Where does this all leave the common theory with its Sharpe ratios and efficient portfolios? A recent (June 2009) article by Javier Estrada, Geometric Mean Maximization: an Overlooked Portfolio Approach? proved informative to me. Estrada contrasts Sharpe ratio maximization which leaves one with not one, but an entire efficient frontier of portfolios with geometric mean maximization (Kelly by other name) leading to the largest expected terminal wealth. Estrada notes that SRM (Sharpe ratio maximization) is a one-period framework, while GMM (geometric mean maximization) is a multi-period framework — I take this to mean that the biased nature of Sharpe when cumulative returns are concerned (as already noted, one of my early disappointments with this statistic) is thus acknowledged in the academic community.

Why do the practitioners overlook a useful criterion? — wonders Estrada. My guess is that the idea of Kelly’s “private wire” and the like is simply too alien to the version of the financial theory based on the postulates of market efficiency, thus making the corollary of Shannon’s information theory as applied to markets, the Kelly Criterion, genetically alien as well. One should never underestimate the role of the overall surrounding cultural and ideological context in the development of science. The symptomatic overstatement of symmetries by the theorists of “market efficiency” may be the case in point. Certainly, Kelly makes more sense to someone dealing with wealth generation on the basis of quantifiable and specific advantages, rather than just submitting oneself to the egalitarian random walk of the hypothetical “efficient market”. This is because Kelly addresses the problem of the value of information directly, it is at the heart of his approach.

Possible Figures Of Merit Related To Return On Investment: The Arithmetic And Geometric Mean

When evaluating the performance of a trading system, I calculate the first moment (an arithmetic mean of the series of returns) as well as the second one (a variance of the series). Originally my “Sharpe-like” ratio, used to adjust the return for the risk, was a ratio of the first moment to the square root of the second. The series of returns would be composed of annualized returns calculated every month.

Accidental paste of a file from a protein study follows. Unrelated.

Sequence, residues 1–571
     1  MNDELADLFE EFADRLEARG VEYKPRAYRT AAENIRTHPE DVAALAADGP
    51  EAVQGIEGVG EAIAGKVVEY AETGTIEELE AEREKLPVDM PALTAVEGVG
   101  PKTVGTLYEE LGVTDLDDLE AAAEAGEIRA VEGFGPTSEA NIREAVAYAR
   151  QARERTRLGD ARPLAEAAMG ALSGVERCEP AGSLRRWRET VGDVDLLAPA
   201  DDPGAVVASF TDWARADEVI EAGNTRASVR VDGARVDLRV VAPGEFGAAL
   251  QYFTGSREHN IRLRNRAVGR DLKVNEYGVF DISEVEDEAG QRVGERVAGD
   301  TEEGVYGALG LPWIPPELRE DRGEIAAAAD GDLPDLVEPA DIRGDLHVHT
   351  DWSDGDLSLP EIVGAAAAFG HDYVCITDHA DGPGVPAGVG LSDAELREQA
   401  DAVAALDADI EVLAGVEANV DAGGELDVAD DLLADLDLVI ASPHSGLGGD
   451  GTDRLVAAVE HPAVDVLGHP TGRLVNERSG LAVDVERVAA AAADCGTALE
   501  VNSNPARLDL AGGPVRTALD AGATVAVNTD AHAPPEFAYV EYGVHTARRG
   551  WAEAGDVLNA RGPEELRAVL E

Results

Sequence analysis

However there is a subtlety. If {r1,r2,r3,… rn} is a series of monthly returns for some period (ratios of capital at the end of the period to that at the start of the period), then the total return for the same period will be the product r1r2r3… rn.

When each monthly return is already annualized (exponentiated to the 12th power), the opposite operation (applying power 1/12 to the product) is required to get the actual return for the year. This operation is known as taking the geometric mean.

Arithmetic mean is always greater than or equal to the geometric mean. This fact is well known from university math courses.

For example, if the series of returns is 1.0, 1.081, 0.9, 1.02, then the geometric average is 0.998084 and the arithmetic average is 1.00025. In this particular example, the arithmetic average of returns will tell you that you are making money whereas in fact you are losing.

Arithmetic mean equals the geometric mean in the particular case when all elements of the series are equal. The more volatility there is in the series, the more difference between the two means can be expected.

The bottom line is that the results of the research so far should be revisited using the simple return and the Sharpe ratio based on such return instead of the first moment of the series of annualized returns. The first moment gives a biased estimate of the actual return.

Nevertheless, since the main driving logic in the choice of parameters was minimization of the drawdown, the basic conclusions regarding the parameter choices are likely to stay the same.